As you might have noticed by now, there are a fair few steps involved in becoming a professional HGV driver. And among the theory and practical exams, the training hours and the practice you need to put in, these also a medical exam to consider. It often seems like a small part of the whole process, but it’s actually very important, because as a HGV driver you have a huge amount of responsibility, and we need to make sure you are safe on the road. That’s why such a small part of the process actually has the biggest impact, and many aspiring HGV drivers have fallen at the hurdle of the medical exam. And if you’ve never been through it before, the medical exam might seem a little daunting. So today, we wanted to show you exactly what it entails.
Regardless of the type of HGV licence you’re looking to get, or to renew, you will need to go through a full medical exam to prove you are fit and healthy. Once you have your license, you will have to renew it every 5 years, to show that you are still in good health and haven’t developed any problems. The medical exam is made up of 2 parts:
Discussion: A chat with your doctor. This will be like any other consultation you have with your GP, and you’ll be given the chance to discuss your medical history in-depth and any issues you think might impact your ability to drive safely.
Physical Exam: You’ll then undergo a physical exam, which will include your vital signs, vision and general health. This should take around half an hour, and the doctor will fill out a form for the DVLA as they go. This will be sent off directly so you won’t see it, but you can request a copy from the DVLA if you want.
Your medical exam will be done in one sitting, and can be done by any NHS care provider or a private physician. However, there is no DVLA mandate saying these have to be done for free, so you may need to pay a nominal fee. The doctor will check you for a number of conditions that might stop you from driving safely, including:
Impaired eyesight: Being able to see well, both at distance and up close is obviously a pretty important part of being a HGV driver! You will be required to read a number plate from a distance of 20 yards, either with or without glasses or contacts. If you do need glasses that isn’t necessarily an issue, but the prescription do need to be no higher than +8 in order to qualify, and your vision needs to be 160 degrees or above. If you’re not sure what your vision is like, it might be worth making an appointment with your optician before you start out on your training.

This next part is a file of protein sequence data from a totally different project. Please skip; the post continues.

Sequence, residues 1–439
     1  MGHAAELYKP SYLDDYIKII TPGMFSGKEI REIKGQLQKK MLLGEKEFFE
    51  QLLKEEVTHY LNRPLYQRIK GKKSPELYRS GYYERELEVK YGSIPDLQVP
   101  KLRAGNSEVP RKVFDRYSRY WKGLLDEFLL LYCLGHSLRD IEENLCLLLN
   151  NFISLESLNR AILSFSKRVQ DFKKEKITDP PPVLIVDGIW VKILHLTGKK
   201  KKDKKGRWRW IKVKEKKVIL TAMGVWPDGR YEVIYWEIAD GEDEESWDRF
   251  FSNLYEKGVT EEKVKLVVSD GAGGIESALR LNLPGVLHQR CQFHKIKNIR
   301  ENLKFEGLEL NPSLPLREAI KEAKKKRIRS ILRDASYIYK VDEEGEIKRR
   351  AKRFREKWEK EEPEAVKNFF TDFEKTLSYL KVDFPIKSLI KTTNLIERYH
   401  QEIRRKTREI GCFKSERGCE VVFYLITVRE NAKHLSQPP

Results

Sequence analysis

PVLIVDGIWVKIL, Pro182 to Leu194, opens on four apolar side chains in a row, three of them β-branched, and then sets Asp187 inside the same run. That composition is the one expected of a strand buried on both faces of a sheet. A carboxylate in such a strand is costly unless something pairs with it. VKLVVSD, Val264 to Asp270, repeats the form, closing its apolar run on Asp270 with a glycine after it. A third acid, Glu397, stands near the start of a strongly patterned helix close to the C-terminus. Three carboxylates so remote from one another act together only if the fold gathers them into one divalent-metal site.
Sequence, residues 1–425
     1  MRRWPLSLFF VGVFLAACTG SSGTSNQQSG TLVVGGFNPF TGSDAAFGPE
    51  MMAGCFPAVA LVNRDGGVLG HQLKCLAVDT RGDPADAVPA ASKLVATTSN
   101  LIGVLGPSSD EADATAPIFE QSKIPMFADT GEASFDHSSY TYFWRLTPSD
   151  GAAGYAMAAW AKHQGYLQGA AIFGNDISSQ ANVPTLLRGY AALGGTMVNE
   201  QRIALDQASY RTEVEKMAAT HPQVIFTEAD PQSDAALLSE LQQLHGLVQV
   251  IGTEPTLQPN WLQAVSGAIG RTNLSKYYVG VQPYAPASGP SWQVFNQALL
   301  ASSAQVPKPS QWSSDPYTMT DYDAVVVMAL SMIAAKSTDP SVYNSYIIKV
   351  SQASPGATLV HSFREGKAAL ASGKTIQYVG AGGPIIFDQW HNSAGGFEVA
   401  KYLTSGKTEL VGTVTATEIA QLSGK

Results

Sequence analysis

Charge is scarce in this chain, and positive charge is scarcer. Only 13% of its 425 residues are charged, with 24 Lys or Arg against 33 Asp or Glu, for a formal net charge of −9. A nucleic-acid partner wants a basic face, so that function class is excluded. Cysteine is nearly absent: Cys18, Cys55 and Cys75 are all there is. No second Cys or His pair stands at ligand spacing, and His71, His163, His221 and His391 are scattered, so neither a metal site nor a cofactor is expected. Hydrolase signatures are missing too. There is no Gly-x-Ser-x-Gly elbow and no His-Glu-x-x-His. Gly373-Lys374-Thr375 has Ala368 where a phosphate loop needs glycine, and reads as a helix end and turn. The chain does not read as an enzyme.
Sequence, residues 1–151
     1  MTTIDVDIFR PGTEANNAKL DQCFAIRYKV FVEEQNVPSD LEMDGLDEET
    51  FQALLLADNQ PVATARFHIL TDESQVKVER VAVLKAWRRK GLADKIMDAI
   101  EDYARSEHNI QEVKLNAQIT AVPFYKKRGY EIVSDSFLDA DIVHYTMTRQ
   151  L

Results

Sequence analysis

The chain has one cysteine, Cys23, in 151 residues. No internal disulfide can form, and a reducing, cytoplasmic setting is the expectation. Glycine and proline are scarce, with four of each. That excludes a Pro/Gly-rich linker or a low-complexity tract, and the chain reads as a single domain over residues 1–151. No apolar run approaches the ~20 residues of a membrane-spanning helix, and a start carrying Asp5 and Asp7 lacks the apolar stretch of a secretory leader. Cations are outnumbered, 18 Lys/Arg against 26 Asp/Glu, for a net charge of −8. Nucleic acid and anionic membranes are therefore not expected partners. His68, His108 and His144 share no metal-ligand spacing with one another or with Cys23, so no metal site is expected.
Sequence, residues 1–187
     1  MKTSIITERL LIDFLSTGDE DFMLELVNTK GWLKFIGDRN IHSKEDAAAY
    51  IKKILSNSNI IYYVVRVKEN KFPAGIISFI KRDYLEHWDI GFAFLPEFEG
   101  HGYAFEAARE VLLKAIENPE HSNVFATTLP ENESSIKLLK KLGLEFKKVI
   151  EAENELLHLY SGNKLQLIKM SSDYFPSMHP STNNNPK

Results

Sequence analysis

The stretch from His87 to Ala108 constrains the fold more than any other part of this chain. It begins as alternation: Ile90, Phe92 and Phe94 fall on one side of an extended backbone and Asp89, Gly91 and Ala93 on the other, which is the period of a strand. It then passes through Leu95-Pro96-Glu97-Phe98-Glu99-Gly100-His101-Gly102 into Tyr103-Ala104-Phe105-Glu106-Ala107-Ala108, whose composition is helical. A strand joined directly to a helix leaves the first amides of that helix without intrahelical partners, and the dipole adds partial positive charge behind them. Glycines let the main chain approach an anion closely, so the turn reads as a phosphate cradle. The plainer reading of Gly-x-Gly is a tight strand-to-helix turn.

Neurological Conditions: There are a number of neurological conditions that can impact your ability to drive, and their severity can vary. Some won’t present a problem at all, or will be fine as long as you can demonstrate that they can be properly managed. But others, like narcolepsy or unexplained seizures, are grounds for immediate disqualification due to their nature and seriousness. Your doctor will ask you about things like epilepsy, blackouts, seizures, memory problems, Parkinson’s or Alzheimer’s, narcolepsy, cataplexy, strokes, prior brain surgeries or any chronic brain conditions.
Mental Health: We’ve talked about the seriousness of mental health in HGV drivers before, and that’s because it’s incredibly important, especially when it comes to keeping you and everyone else safe on the road. So you will be asked to discuss your mental health with the doctor, including any issues you may have with depression, dementia, cognitive impairment or hospitalisation for psychiatric issues in the past.
Heart Conditions: Any heart problems that aren’t being treated or controlled are going to be an immediate red flag for your doctor. That’s anything from angina to a stroke and even atrial fibrillation. If your condition is being managed properly then this shouldn’t cause any issues, but there are some exceptions – for example you can’t drive within 3 months of having major heart surgery.
Diabetes: Diabetes is a very common illness that affects around 9.5% of the population, so having it won’t mean you can’t become a professional driver. But it does mean you will be asked to prove that you can keep the condition under control. That means twice-daily glucose testing, and if you have insulin-treated diabetes, you will need to be able to provide your last 3 month’s worth of glucose readings and your personal reader with you to the exam.
Sleep Disorders: One of the leading causes of serious accidents among HGV drivers is lack of sleep. So in order to keep you safe, your doctor will ask you about your sleep, looking for any symptoms of possible sleep disorders. You need to be really honest here. A sleep disorder isn’t necessarily an automatic disqualification, but it does need to be managed properly.
Alcohol and Drug use: It’s safe to say that if you use drugs or alcohol, you can’t drive. But if it’s just the occasional drink or use in your private time, the DVLA are less concerned. What they do want to catch is anyone with signs of chronic substance abuse, as they are more likely to pose a threat to other road users, and get behind the wheel while intoxicated.
At the LGV Training Centre, we see it as our duty to make sure you are fully prepared for life as a HGV driver, right from the start. That’s why we give you detailed information on the medical exam, and guide you through the whole process from start to finish, as well as the rest of your HGV training. If you would like to know more, please just get in touch with our team today.